Contrary to what you may have heard about Buddhism, not all those who practice the religion are peaceful and non-violent. While Buddhist doctrine deters acts of violence and shows murder as one of the worst “sins,” those same things can be said for the tradition of Christianity. And, as is the case with Christianity, there are many instances of faith-based killings and other acts of violence committed or justified by the Buddhist Monastic community. This isn’t a thing of the past, either. In May 2013, in a move of unprecedented discrimination, Burma’s Buddhist-controlled Rakhine state became one of the first governments to impose a two-child limit for another religious group. The Burmese government said the limit applies to Rohingya Muslim families, but not Buddhists in the area. Even before that move, in the U.S. Commission on International Freedom’s 2012 report, researchers noted that “the Rohingya Muslim minority, in particular, is subject to systematic discrimination and a forced relocation program that has produced thousands of refugees.”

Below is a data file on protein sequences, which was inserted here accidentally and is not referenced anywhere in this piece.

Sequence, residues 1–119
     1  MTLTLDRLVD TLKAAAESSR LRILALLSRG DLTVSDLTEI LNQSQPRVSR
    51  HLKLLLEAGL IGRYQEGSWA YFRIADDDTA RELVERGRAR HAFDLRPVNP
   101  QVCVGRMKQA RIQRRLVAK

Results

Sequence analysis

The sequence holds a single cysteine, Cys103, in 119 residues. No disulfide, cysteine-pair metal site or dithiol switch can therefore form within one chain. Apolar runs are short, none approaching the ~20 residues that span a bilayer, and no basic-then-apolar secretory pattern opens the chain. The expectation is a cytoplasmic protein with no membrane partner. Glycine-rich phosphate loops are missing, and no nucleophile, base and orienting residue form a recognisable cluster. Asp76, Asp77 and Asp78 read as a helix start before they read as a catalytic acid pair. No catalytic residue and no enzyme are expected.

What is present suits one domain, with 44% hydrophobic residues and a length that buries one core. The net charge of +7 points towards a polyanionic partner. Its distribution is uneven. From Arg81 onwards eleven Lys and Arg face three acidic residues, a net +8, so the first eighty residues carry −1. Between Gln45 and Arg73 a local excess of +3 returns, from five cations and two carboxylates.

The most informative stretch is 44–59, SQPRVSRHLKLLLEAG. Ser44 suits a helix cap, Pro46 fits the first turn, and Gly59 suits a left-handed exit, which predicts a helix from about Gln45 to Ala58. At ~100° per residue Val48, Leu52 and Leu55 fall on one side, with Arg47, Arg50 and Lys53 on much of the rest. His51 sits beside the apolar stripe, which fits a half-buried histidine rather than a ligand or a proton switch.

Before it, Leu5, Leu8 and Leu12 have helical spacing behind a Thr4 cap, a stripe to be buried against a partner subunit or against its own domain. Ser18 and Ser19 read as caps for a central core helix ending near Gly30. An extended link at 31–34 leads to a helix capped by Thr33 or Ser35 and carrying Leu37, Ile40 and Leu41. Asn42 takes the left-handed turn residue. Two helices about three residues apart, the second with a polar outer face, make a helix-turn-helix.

If followers of Buddhism aren’t always as peaceful as they are portrayed in much of the Western media, what about the Jains? Jainism is an ancient Indian religion that prescribes non-violence toward all living creatures. Members of its monastic community are so strictly non-violent that they often carry around brooms called rayoharans to sweep ahead of them as they walk to avoid killing small insects. So, we should all become Jains, right? Well, probably not if you’re a woman. Members of the Śvētāmbara sect of Jainism place their nuns under the control of male monks. Women were forced to have male governors because, in that culture, they were considered to be “most vulnerable to attack or seduction” and more easily “swayed to corruptibility.”